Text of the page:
There's too many to recall

Every once in a while I'm reminded of a Trump scandal that I'd completely forgotten, something that on its own would have derailed any other president, senator, congressperson, governor, mayor, city councilor or selectman, sheriff outside of Arizona, police officer, teacher, register of deeds, veterinarian . . . well, pretty much anyone else. So I started to compile a list, only to call it quits after awhile when I saw just how monumental a task putting together a comprehensive list would be.

This is as far as I got:

• In May, after firing James Comey in an attempt to stop the Russia investigation, Trump hosted Russian Foreign Minister Sergei Lavrov and Ambassador Sergey Kislyak in the Oval Office. Oh yeah, and the only photos were from the official Russian News agency.

• In an official government capacity, Kellyanne Conway promoted Ivanka’s fashion line.

• Steve Mnuchin, Ryan Zinke, David Shulkin and Tom Price all had scandals involving their use of taxpayer-funded flights.

• Eric Trump gives his father quarterly updates on the family businesses despite the senior’s assurance he would have no involvement in them.

• Scott Pruitt regularly dines with donors and lobbyists from industries his department regulates.

• Trump benefits from his businesses, even from foreign governments, in violation of the Emoluments Clause of the Constitution, which Trump took an oath to uphold and which the Congress seems to have no desire to enforce.

• Mar-a-Lago doubled its rates after Trump won the election.

• Trump held a national security meeting in a public room full of club members at Mar-a-Lago.

• According to, since he was inaugurated, the golfer in chief has made 77 visits to Trump golf courses, totaling at least $81,442,095 that taxpayers have paid for. Golfing is a pastime for which he criticized Obama, saying that he'd be too busy to golf if he were elected.

• Texas, Florida and Puerto Rico were devastated by hurricanes this year. While on one of his golf courses, Trump knocked the Mayor of San Juan, who had been sleeping on a cot and had been actively involved in cleanup efforts. Within weeks of the disaster, Trump tweeted that we couldn't aid Puerto Rico forever and gave himself a "10 out of 10" for his response to the hurricane. He made no such comments about Texas or Florida, states that voted for him.

• Jared Kushner used his influence to secure foreign investment in a family-owned business in exchange for help with visas.

• Michael Flynn lobbied on behalf of the Turkish government, but Trump chose him as National Security Adviser anyway.

• Paul Manafort and Rick Gates.

• Longtime Trump lawyer Marc Kasowitz donated or solicited more than $50,000 on behalf of a Manhattan district attorney who later dropped a case against Ivanka Trump and Donald Trump, Jr.

• Sixteen women accused Trump of sexual misconduct after the man bragged about sexually assaulting women on video. Then he said they were all lying and his supporters continue to believe him.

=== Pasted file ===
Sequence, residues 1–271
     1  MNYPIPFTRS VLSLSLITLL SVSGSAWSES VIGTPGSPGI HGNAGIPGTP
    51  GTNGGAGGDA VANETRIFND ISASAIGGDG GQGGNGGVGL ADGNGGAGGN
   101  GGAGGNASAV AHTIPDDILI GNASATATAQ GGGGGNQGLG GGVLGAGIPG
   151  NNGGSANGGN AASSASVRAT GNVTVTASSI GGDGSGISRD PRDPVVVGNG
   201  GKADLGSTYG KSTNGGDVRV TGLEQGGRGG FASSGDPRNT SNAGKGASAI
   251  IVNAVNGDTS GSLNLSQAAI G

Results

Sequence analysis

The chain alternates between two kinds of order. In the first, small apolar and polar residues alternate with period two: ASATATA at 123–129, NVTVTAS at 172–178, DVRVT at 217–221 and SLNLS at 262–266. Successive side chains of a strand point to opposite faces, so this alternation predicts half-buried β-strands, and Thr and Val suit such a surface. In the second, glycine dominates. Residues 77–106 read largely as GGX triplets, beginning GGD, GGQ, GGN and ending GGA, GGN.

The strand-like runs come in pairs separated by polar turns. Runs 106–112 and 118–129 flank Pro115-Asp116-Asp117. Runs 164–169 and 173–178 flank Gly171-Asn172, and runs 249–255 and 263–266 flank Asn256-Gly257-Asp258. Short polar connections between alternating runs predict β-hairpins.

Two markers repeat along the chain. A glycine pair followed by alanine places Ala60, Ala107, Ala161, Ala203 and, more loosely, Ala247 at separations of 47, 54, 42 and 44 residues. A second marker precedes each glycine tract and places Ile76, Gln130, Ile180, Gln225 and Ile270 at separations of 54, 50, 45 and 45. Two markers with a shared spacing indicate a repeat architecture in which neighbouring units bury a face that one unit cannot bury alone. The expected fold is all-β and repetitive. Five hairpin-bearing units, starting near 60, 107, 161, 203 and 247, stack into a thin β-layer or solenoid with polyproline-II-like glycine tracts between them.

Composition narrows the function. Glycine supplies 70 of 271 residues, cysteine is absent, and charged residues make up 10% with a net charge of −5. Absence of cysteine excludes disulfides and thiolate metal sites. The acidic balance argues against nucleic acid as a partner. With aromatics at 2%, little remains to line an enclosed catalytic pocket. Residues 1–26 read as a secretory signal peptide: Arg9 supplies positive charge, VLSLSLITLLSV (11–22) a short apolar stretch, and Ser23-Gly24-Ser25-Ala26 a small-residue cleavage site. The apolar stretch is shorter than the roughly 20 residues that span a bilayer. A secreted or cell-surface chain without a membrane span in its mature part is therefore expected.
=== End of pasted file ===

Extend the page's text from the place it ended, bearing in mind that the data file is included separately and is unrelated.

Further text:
• He said his sexual assault accusers weren’t attractive enough for him to have been interested.

• Trump backed Roy Moore after it was made public that the zealot had made passes at girls as young as 14 when he was in his 30s.

• Trump pardoned Joe Arpaio, who was found guilty of ignoring a court order after his Sheriff tactics were found to be racist.

• Trump said there were good people on both sides of the Nazi Charlottesville incident.

• Trump condemned football players for practicing their constitutional rights, despite pledging to uphold the Constitution.

• There has been essentially nothing done on the Russian interference in our election. In fact, Trump glosses over it as if it were unimportant.

• Trump believes Putin's denial of Russian interference in our election, adding that the oligarch is offended at the suggestion.

• Trump accused Obama of wiretapping him.

• Trump promised cheap healthcare for all, but is willing to sign absolutely anything that comes across his desk, calling every proposed bill the best ever.

• Turns out, the master negotiator isn't all that good at it.

• Top aides have declared Trump an idiot: HR McMaster, Rex Tillerson.

• Remember Sean Spicer's defending of the inauguration crowd sizes?

• Trump apparently requires visual aids in order to comprehend briefings.

• Trump tried to ban an entire religious group from entering the U.S., an unconstitutional move despite, once again, having taken an oath to uphold the document.

• He knocked the participants of the largest march in American history (Women's March).

• He knocked a Gold Star family.

• He mocked Senator John McCain for being captured during the Vietnam War—a war whose draft Trump dodged.

• His charity bought paintings of Trump to put up in his golf courses.

• He still refuses to release his tax returns.

• Trump University is now defunct after multiple lawsuits.

• He brags about being philanthropic, but evidence points to him being more talk than action. Among other stories: He said he donated to a veterans organization, but didn’t until he was caught in the lie; In 1996, Trump attended a ribbon cutting for the Association to Benefit Children and sat with the big sponsors, though he hadn’t donated any money. Trump hasn’t donated to his own charity since 2008.

• He claimed a judge of Mexican heritage was incapable of being fair because Trump had knocked Mexicans.

• He had security throw out a Hispanic reporter from a press conference telling the man to "go back to Univision." Security mocked the reporter.

• He doubled down on the Central Park Five after DNA evidence and a confession by a serial rapist exonerated them.

• He pushed a NATO leader out of the way to be in the front of the pack.

• He threatened to lock up his adversary, Hillary Clinton, and still tries to force the Justice Department to open an investigation, though they don't see grounds to.

• Trump has averaged five lies a day since becoming president.

• He praises authoritarian leaders.